news from the lab 2011

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Mathematics - Physics - 22.11.2011
Mapping a fixed point
Mapping a fixed point
For fifty years, mathematicians have grappled with the so-called “fixed point? theorem. A team has now found an elegant, one-page solution that opens up new perspectives in physics and economics. Take a map of the world. Now put it down on the ground in Central Park, against a rock on Mount Everest, or on your kitchen table; there will always be a point on the map that sits exactly on the actual physical place it represents.

Physics - 31.10.2011
Successful LHC proton run
Successful LHC proton run
After some 180 days of running and four hundred trillion proton proton collisions, the LHC's 2011 proton run came to an end at 5.15pm yesterday evening. For the second year running, the LHC team has largely surpassed its operational objectives, steadily increasing the rate at which the LHC has delivered data to the experiments.

Environment - Physics - 04.10.2011
A guiding light for new directions in energy production
A guiding light for new directions in energy production
Advances in the field could help solve the energy challenge. The science of light and liquids has been intimately entwined since Léon Foucault discovered the speed of light in 1862, when he observed that light travels more slowly in water than in air.

Physics - Materials Science - 26.09.2011
A faster, cheaper method for making transistors and chips
A faster, cheaper method for making transistors and chips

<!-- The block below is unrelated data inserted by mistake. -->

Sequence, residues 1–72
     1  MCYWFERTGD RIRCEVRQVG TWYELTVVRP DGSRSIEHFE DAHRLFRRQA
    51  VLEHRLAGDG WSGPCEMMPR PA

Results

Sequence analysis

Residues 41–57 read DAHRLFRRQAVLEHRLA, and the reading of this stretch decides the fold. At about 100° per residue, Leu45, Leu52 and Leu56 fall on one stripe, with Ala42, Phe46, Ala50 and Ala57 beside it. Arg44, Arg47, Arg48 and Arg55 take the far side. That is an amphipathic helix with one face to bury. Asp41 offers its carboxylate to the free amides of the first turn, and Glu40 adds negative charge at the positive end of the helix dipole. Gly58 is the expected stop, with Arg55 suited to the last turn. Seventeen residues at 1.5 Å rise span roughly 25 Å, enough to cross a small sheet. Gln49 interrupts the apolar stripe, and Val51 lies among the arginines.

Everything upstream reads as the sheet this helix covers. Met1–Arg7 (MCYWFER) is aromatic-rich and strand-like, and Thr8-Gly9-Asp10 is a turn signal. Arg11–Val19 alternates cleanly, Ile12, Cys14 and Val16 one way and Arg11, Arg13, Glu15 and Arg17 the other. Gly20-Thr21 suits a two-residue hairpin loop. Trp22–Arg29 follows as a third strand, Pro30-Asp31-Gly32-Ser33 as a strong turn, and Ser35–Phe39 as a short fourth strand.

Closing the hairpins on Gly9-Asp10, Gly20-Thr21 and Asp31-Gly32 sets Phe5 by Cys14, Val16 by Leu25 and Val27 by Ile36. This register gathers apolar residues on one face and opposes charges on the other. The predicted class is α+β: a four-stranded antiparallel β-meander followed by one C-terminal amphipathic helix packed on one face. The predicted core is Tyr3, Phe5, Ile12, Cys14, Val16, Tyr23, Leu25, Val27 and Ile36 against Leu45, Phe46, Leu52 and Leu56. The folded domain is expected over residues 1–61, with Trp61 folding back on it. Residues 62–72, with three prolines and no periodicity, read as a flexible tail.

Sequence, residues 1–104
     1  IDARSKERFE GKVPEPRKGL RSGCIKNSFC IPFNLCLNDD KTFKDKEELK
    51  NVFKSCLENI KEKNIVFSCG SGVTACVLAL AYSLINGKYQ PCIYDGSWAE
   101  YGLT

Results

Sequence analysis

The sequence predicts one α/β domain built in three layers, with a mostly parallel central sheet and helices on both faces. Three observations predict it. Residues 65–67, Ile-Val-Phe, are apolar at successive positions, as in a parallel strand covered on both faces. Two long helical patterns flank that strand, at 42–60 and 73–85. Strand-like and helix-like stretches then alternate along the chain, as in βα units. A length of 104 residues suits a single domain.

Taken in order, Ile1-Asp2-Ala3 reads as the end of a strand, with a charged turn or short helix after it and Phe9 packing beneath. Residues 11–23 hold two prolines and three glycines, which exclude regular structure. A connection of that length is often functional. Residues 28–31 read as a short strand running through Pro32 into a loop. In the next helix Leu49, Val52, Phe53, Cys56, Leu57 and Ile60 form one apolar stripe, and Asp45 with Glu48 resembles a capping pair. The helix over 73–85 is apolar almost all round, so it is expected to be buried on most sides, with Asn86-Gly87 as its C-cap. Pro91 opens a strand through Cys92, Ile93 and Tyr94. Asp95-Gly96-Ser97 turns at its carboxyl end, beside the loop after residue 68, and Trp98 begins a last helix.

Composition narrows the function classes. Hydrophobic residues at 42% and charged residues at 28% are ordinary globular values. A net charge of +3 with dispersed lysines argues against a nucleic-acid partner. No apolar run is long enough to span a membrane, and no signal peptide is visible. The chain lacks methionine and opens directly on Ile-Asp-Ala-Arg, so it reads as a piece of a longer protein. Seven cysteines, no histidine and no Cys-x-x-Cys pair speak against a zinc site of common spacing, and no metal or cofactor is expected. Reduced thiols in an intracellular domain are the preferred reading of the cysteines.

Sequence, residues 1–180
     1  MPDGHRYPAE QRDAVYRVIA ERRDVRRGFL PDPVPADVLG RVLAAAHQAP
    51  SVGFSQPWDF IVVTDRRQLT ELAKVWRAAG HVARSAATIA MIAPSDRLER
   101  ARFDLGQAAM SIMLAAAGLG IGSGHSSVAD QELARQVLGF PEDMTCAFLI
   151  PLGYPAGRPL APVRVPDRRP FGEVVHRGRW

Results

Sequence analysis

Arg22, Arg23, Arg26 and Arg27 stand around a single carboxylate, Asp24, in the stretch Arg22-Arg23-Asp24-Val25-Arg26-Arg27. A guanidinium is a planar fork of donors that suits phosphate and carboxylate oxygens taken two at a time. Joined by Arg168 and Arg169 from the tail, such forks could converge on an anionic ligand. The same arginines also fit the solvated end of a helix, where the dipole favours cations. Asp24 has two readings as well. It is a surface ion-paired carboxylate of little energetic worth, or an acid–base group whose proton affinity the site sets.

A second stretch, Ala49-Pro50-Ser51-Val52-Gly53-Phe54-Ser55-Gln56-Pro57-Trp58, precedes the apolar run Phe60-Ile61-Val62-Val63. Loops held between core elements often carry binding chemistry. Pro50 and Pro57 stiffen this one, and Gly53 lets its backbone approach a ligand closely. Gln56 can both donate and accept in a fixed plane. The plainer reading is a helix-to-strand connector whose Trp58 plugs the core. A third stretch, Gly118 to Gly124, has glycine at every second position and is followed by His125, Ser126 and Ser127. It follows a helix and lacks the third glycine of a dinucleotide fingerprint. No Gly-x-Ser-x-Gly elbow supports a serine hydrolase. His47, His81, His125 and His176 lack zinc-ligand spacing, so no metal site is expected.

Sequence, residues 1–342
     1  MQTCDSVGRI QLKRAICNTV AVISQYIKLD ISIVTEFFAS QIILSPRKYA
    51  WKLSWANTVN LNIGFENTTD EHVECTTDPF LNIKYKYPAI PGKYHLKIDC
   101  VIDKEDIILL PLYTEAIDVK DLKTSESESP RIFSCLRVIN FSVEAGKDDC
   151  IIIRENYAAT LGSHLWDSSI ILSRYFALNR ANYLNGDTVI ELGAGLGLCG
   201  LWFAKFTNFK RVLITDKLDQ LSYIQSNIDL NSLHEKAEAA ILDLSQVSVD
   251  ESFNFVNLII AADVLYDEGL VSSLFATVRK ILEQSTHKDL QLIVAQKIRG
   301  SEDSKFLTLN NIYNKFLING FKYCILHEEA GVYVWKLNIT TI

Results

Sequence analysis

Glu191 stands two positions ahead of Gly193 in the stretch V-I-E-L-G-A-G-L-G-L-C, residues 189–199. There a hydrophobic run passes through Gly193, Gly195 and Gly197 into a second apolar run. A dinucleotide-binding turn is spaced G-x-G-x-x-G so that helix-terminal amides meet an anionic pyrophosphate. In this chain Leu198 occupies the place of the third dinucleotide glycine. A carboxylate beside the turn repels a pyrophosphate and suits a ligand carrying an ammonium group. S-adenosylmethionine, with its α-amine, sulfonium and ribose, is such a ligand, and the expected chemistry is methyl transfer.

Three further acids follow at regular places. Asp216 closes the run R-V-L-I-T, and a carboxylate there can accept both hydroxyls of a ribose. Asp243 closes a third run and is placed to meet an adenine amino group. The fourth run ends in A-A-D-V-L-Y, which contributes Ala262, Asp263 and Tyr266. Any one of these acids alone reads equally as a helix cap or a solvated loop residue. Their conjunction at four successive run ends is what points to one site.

It may soon be possible manufacture the miniscule structures that make up transistors and silicon chips rapidly and inexpensively. EPFL scientists are currently investigating the use of dynamic stencil lithography, a recent but not yet perfected method, for creating nanostructures. Faster, less expensive, and better.

Physics - 23.09.2011
Are neutrinos faster than the speed of light?
Are neutrinos faster than the speed of light?
Researchers measured that the neutrinos travel at a velocity 20 parts per million above the speed of light, nature's cosmic speed limit. This is a result of t he OPERA experiment which observes neutrino beams from CERN 730 km away at a Laboratory near Rome. The OPERA result is based on the observation of over 15000 neutrino events measured at Gran Sasso, and appears to indicate that the neutrinos travel at a velocity 20 parts per million above the speed of light, nature's cosmic speed limit.

Astronomy / Space Science - Physics - 21.09.2011
Could the Higgs boson explain the size of the Universe?
Could the Higgs boson explain the size of the Universe?
The Universe wouldn't be the same without the Higgs boson. This legendary particle plays a role in cosmology and reveals the possible existence of another closely related particle. The race to identify the Higgs boson is on at CERN. This Holy Grail of particle physics would help explain why the majority of elementary particles possess mass.

Materials Science - Physics - 08.09.2011
The tarte tatin throws a new light on photovoltaics
The tarte tatin throws a new light on photovoltaics
Manufacturing solar cells that are one thousand times thinner than conventional cells. That is the challenge the researchers have set for themselves.

Physics - 07.09.2011
Pyramidal dots for future quantum computers
Pyramidal dots for future quantum computers
The enigmatic quantum dot is the basic building block for quantum computers. Physicists have developed a new theory to determine the optical properties of these dots based on the principles of symmetry. Physicists from EPFL have created a pyramidal dot that's just shy of 100 nanometers high, about 200 atoms on a side.

Physics - Electroengineering - 31.08.2011
An innovative method for measuring nanoparticles
An innovative method for measuring nanoparticles
Precise measurement of the molecular weight, size and density of a nanoparticle in a single procedure is now possible, thanks to an ultracentrifugation method. Although nanoparticles are used in a variety of domains - such as medicine, solar energy and photonics - there is still much about them to be discovered.

Health - Physics - 02.08.2011
New method for the diagnosis of cancer